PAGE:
In Rincon del Sol v. Lloyd's of London, 709 F.Supp.2d 517, 524 (S.D. Tex. 2010), the court reasoned that the language, "of competent jurisdiction," required an independent basis of jurisdiction, because to construe otherwise would render the emphasized language "to be sued in any court of competent jurisdiction, State or Federal," ineffectual as it would eliminate the right to sue Fannie Mae in state court. Rincon also noted the Pirelli court's acknowledgment that the Fannie Mae statute contained the words, "of competent jurisdiction," while the Red Cross charter did not. Id. at 523.

Other courts interpreting the Fannie Mae charter have come to the same conclusion. See Federal National Mortgage Ass'n v. Sealed, 457 F.Supp.2d 41(D.D.C. 2006), overruled by Pirelli, 534 F.3d at 785; Federal National Mortgage Ass'n v. De-Savineau, 2010 WL 3397027 (C. D. Cal. 2010); Federal National Mortgage Ass'n v. Bridgeman, 2010 WL 5330499 (E. D. Cal. 2010); State of Nevada v. Countrywide Home Loans Servicing, LP, 2011 WL 484298 (D. Nev. February 4, 2011) (finding that Fannie Mae's charter does not create jurisdiction but federal jurisdiction existed independently on other grounds).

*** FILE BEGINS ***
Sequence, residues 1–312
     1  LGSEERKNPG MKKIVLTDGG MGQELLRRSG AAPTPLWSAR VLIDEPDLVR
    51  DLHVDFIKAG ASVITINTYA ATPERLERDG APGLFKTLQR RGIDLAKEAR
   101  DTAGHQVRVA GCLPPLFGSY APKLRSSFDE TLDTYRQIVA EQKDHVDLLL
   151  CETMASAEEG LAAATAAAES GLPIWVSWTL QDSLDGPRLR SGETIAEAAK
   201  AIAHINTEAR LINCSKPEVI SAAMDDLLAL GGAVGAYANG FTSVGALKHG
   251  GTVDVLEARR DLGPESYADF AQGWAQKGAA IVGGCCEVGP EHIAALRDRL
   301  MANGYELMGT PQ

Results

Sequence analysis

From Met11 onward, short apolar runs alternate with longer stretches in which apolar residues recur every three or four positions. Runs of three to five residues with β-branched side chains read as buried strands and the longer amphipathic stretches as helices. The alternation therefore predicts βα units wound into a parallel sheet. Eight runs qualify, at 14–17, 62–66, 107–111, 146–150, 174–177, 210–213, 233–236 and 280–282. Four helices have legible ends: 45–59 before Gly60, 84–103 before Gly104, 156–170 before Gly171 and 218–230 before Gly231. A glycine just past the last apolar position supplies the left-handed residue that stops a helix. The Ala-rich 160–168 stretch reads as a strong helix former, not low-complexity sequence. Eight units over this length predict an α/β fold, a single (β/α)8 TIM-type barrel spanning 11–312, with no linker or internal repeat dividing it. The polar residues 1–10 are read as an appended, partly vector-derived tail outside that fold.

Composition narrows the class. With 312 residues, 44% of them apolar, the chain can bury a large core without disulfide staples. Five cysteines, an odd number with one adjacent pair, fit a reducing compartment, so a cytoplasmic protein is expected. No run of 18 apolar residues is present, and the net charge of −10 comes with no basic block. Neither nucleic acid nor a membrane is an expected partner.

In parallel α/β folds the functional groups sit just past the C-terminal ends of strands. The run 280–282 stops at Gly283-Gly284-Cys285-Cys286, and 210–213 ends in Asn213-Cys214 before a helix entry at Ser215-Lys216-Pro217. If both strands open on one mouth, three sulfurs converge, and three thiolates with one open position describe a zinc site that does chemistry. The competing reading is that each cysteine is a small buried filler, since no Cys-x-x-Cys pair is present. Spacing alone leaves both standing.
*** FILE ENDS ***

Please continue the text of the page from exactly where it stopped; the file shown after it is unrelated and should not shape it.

In analogous statutory construction, courts have noted that where the Federal Home Loan Bank is a party, the "sue and be sued" provision in this bank's charter is nearly identical to that provision in Fannie Mae's charter, and have rejected any grant of original jurisdiction.*fn2 See Federal Home Loan Bank of Chicago v. Bank of America Funding Corp., 760 F.Supp.2d 807, 809 (N.D. Ill. 2011); Federal Home Loan Bank of San Francisco v. Deutsche Bank Securities, Inc., 2010 WL 5394742 (N.D. Cal. 2010); Federal Home Loan Bank of Seattle v. Deutsche Bank Securities, ...